The Indian women’s team recently won the gold medal in the Asian Games 2023. While their victory was celebrated and cherished, it still doesn’t make women’s cricket a topic of household discussion or even something that most cricket crazy Indians even know about. That makes us wonder why this bias continues and what will it take to popularize women’s cricket.
Cricket is one of the most popular sports in India. It holds a special place in the hearts of millions of Indians and is deeply ingrained in the country’s culture and society. While men’s cricket has been at the forefront forever, women’s cricket has just started to come up in the conversations. There is a huge difference in the popularity of men’s and women’s cricket in the world.
Why is that so? When asked by today’s women of urban India, we found some common answers:
The most logical reason, we found, is the fact that men have been playing cricket since the beginning. They have been in this for a longer time, and so, naturally, they have higher popularity among sports lovers. But we should not forget that there are reasons that played a very important role in the late entrance of women in this field. There are deeply ingrained stereotypes in our society, especially if we talk about India. Cricket, like most other sports, is considered to be a male-oriented sport. This obviously goes back to the prevalence of the patriarchal nature of the society.
“I think from the beginning society was a patriarchal society, maybe this resulted in a belief in all including women that it (cricket) is a game of men.”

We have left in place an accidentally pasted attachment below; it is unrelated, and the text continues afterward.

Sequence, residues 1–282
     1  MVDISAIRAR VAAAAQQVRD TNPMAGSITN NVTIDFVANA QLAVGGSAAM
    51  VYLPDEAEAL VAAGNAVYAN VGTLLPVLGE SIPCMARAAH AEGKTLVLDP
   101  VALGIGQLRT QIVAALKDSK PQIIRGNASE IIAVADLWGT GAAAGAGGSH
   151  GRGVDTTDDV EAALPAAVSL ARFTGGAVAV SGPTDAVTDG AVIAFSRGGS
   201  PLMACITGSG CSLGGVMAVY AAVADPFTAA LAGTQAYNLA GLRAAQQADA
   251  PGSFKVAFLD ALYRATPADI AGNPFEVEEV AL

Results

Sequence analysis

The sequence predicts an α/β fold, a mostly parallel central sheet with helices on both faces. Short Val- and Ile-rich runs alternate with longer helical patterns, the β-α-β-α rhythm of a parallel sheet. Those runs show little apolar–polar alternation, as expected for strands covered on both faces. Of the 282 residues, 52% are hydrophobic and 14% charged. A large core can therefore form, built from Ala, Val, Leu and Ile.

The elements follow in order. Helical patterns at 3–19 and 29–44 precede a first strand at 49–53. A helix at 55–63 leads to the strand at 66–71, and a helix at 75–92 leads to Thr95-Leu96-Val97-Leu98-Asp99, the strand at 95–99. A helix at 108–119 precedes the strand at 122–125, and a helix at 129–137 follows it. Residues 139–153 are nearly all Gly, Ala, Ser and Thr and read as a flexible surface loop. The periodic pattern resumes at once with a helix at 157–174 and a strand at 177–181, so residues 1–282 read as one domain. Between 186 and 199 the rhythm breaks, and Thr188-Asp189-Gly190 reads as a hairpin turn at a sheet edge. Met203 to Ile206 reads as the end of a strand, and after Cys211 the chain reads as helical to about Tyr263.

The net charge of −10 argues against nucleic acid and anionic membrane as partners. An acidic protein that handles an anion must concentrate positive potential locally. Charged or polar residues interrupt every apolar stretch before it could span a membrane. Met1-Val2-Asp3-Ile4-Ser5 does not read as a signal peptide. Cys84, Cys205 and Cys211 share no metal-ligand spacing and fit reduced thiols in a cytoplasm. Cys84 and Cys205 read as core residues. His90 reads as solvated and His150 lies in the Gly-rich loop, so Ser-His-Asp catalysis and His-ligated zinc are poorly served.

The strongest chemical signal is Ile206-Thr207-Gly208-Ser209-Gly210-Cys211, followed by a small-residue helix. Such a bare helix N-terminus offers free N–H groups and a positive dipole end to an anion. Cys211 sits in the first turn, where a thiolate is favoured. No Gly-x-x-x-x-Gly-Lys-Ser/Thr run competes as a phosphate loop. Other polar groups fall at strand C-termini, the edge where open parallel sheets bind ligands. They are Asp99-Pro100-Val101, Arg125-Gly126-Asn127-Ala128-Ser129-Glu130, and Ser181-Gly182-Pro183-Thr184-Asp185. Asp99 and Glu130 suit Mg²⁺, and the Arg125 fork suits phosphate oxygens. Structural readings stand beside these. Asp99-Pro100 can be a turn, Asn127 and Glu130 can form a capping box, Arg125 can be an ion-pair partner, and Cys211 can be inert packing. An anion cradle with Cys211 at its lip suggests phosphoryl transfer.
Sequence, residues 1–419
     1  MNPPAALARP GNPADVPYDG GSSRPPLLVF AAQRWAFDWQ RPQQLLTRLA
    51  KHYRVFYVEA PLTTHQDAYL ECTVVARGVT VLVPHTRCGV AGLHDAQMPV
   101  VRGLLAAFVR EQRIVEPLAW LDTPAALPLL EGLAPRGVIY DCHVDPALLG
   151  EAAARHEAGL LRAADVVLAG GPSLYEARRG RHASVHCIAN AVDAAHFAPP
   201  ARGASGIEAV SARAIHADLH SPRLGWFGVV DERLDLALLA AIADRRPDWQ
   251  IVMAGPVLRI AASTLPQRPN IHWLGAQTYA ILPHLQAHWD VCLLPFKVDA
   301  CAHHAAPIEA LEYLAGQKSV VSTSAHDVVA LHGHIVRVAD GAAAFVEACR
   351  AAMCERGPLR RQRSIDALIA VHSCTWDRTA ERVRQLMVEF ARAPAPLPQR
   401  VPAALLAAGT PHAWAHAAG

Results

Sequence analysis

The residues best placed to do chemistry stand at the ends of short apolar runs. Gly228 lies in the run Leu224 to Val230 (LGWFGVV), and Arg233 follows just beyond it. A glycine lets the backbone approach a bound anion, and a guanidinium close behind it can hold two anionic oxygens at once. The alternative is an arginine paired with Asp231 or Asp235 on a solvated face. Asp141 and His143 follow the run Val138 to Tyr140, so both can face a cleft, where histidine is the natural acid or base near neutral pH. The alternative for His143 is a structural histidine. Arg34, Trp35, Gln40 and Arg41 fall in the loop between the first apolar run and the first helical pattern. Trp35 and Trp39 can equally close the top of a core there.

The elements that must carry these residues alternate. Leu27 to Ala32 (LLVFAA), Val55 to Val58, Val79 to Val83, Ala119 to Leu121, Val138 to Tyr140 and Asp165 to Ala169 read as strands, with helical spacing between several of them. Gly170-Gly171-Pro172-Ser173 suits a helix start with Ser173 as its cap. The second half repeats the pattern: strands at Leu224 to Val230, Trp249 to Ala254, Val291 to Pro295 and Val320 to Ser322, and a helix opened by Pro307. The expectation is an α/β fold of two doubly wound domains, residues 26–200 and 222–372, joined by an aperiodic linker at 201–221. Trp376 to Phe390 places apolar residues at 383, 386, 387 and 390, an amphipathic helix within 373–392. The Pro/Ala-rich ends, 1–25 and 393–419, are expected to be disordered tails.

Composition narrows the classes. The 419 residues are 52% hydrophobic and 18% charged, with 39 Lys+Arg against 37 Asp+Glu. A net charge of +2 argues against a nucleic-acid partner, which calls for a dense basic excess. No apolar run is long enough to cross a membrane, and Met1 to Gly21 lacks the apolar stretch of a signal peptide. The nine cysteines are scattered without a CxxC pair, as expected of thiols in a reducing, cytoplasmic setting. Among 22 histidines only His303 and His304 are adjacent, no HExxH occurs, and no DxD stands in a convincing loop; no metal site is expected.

These beliefs and stereotypes have kept women from various opportunities and explorations. And so, it took time for women to reach here breaking the barriers. We have not yet reached where we need to be and so there are still many barriers in the way.
“Marketing is a major factor- people need to realize the women can be good sportspersons + we shouldn’t see sports as only a male-dominated profession+ more popular brands should shake hands with female athletes (not just beauty brands)”
Lack of popularity in women’s cricket leads to a lack of sponsorships by businesses as they won’t invest in something that can’t get them profits. And this lack of investments is in itself a reason for the lack of popularity.
“The notion of the game traditionally being an “A Gentleman’s sport”, the fact that sports, in general, isn’t associated with women, and accordingly they don’t get enough media or mass attention, sponsorships, etc which further restricts their development.”
This vicious cycle is breaking with time as more and more women join cricket. As more and more talented women join the team, their talent gets recognized at some point through social media as was the case of Mithali Raj, Smriti Mandhana and Jemimah Jessica Rodrigues. With women’s IPL taking off recently, it has given a push to this entire situation in a positive direction. But, we definitely have a long way to go to reach where men’s cricket is today. It will take a lot of more talented women in the forefront, increased social media and television coverage, and most importantly, sponsorship and funding backing the sport.
On that note, a good place to start would be to follow various members of the Indian women’s cricket team on Instagram or follow updates by BCCIWomen, the official Twitter handle of the Indian Women’s Cricket team. Female Cricket (https://femalecricket.com/) is a good website to follow to stay updated with women’s cricket.
It would also be a good idea to show young girls and boys the movie “Shabash Mithu” – the story of Mithali Raj which tells quite a bit about the story of the evolution of women’s cricket. Another movie to showcase women cricketers as role models will be “Chakda Xpress” – the story of Jhulan Ghoswami releasing in December 2023.
There are a couple of books as well, which we recommend should be available in school and college libraries to inspire young girls (click the below images to purchase on Amazon)
Cover Image credit: BCCI Women @BCCIWomen on X